U.S. Prides ban LGBT+ police from parading in uniform

(Thomson Reuters Foundation) - Pride organisers in several U.S. and Canadian cities will ban LGBT+ police officers from wearing their uniforms during events this summer as anger about police brutality against minorities simmers a year after the murder of George Floyd.

Marching in uniformed groups waving rainbow flags, LGBT+ policemen and women have been a familiar sight at Pride events around the world for decades, and some have responded with dismay at the moves to stop them taking part.

But as many LGBT+ people call for Prides to return to their roots as protest marches against police harassment, organisers said they felt impelled to recognise the anti-racism movement triggered by Floyd’s murder by a white police officer.

“It was in the context of the Black Lives Matter protests of last summer that we felt we really needed to make this decision,” said Rex Fuller, chief executive of The Center on Colfax, the LGBT+ group that runs Denver PrideFest.

Fuller said the ban was decided following protests by staff, including the resignation of one Black employee, and after considering Pride’s history as a protest movement against police harassment of LGBT+ people.

“That’s what tipped the scales for me and (I) felt that it wasn’t appropriate at this time to include law enforcement,” he told the Thomson Reuters Foundation.

As pandemic restrictions are slowly eased, dozens of Pride events are being planned in the United States and Canada this year, albeit with “virtual” marches or small gatherings rather than mass rallies watched by hundreds of thousands of people.

Along with Denver’s parade, NYC Pride said this month uniformed officers would not be allowed to attend its events until 2025. San Francisco and San Diego, as well as Toronto in Canada, have also announced bans.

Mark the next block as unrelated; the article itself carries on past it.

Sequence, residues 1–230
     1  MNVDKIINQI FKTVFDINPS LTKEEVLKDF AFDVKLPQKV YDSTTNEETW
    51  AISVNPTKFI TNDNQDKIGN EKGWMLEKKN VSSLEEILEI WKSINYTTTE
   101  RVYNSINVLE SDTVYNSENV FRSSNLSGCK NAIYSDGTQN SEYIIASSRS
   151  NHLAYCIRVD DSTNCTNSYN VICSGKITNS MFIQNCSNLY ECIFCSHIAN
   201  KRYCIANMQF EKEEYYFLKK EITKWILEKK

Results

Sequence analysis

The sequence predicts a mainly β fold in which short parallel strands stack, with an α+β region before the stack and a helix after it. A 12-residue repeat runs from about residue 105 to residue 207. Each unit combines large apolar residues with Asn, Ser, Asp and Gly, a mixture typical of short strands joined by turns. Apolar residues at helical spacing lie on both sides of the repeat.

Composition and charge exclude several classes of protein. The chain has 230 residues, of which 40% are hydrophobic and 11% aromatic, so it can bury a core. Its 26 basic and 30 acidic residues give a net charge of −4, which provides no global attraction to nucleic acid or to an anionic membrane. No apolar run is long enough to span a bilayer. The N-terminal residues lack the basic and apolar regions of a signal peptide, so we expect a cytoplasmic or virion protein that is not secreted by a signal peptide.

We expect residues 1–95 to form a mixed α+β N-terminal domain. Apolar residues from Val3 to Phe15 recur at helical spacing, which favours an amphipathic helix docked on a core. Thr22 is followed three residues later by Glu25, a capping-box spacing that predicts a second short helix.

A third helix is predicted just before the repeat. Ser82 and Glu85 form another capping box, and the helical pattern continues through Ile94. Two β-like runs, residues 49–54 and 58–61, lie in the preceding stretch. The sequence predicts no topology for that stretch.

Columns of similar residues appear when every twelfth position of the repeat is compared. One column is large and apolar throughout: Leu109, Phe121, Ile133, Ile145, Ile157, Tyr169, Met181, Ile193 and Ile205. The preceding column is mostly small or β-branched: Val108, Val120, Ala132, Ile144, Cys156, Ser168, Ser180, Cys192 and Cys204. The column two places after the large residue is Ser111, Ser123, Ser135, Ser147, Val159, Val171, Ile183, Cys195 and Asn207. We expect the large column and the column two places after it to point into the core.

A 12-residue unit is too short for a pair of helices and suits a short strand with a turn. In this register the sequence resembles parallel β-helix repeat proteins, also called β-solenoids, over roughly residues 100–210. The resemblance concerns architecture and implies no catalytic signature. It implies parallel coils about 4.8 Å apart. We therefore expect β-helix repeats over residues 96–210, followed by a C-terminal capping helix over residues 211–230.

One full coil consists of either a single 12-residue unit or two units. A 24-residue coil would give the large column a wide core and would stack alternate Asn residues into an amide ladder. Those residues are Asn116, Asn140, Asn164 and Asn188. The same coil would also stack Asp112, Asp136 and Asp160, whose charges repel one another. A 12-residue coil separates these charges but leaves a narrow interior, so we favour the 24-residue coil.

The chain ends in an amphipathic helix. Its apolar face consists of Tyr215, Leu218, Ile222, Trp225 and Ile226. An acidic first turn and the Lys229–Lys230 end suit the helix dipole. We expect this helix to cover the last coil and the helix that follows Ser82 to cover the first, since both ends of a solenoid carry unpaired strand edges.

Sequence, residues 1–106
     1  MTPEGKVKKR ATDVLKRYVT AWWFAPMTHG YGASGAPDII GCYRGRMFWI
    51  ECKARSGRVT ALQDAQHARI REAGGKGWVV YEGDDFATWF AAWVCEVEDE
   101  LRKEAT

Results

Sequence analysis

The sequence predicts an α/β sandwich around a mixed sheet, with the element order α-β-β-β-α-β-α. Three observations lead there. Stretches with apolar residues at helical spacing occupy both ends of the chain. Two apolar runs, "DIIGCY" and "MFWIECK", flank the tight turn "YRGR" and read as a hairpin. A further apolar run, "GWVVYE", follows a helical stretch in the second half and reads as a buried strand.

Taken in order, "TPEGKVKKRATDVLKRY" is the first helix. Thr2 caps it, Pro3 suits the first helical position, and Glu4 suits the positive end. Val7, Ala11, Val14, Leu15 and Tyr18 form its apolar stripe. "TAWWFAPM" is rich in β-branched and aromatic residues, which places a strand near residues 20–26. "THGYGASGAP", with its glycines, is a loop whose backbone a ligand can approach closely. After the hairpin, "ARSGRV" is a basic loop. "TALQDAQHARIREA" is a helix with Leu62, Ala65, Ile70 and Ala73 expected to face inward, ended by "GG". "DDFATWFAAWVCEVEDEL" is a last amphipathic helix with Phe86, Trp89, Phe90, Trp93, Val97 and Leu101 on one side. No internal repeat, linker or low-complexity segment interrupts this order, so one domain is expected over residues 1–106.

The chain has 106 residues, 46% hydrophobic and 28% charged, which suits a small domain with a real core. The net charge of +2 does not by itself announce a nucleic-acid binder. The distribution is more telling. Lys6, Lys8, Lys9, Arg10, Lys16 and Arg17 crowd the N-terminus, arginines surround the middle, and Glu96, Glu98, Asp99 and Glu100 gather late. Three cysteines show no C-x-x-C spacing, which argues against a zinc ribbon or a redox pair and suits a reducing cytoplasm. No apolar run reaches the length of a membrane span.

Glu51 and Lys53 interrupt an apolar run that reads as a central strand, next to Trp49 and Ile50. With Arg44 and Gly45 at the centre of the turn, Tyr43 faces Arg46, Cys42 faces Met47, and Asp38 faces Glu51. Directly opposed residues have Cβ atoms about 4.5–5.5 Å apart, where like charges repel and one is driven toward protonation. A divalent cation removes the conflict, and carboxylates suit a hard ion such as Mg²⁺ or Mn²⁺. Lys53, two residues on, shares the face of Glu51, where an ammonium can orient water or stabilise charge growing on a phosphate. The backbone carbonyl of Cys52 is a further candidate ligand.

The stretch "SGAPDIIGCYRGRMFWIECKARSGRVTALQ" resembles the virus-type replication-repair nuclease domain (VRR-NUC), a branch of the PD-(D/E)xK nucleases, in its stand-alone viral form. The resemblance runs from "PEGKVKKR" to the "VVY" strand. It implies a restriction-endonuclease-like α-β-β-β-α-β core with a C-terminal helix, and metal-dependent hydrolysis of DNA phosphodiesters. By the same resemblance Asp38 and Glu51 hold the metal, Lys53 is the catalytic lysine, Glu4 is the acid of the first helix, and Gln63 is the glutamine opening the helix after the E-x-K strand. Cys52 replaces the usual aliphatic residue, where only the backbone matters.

It was not immediately clear whether any others would ban uniformed police from upcoming events.

LGBT+ police officers have condemned the bans as unfair and an affront to the inclusive ethos on which Pride was founded.

“Rather than fighting for inclusivity, you are excluding a group of gay, lesbian and transgendered people from participating,” said Bill Hummel, a gay police officer who investigates crimes against children in Aurora, Colorado.

“How are we to be a part of the change if you won’t have us at all? Your decision... represents an unfair condemnation of our entire profession,” he said in an email to The Center that he shared with the Thomson Reuters Foundation.


Even before Floyd’s murder, Prides were facing calls from many LGBT+ people to ban uniformed officers from marching, with their origins in protests against police harassment at The Stonewall Inn in New York City often cited.

Toronto Pride was one of a number of Canadian Prides that imposed a ban in 2017 in response to demands by Black Lives Matter Toronto. It voted to keep the ban in 2019.

San Francisco Pride followed suit in September 2020, citing an incident at its 2019 parade when protesters disrupted the event and police officers intervened, an event for which the city’s chief of police apologised.

“Black folks still don’t feel comfortable in LGBT neighbourhoods because they’re still profiled by police,” said Carolyn Wysinger, president of San Francisco Pride, which will hold film nights instead of a march this year due to COVID-19.

Wysinger, who said she had received hate mail after the decision, stressed that the ban was not directed at LGBT+ officers personally.

“This is about a reckoning we’re having worldwide about the community’s feeling about the institution of policing,” she said.

Joanna Styrczula, a co-chair of Serving With Pride, an LGBT+ police association in Ontario, Canada, acknowledged change was needed but said that gay and trans officers were working hard to do so from the inside.

“My first Pride I was uniformed but I wasn’t out,” she said. “It was great to be a part of that and it kind of gave me the courage to be able to feel safe enough to come out in the police.”

Reporting by Rachel Savage in London @rachelmsavage; Editing by Helen Popper. Please credit the Thomson Reuters Foundation, the charitable arm of Thomson Reuters, that covers the lives of people around the world who struggle to live freely or fairly. Visit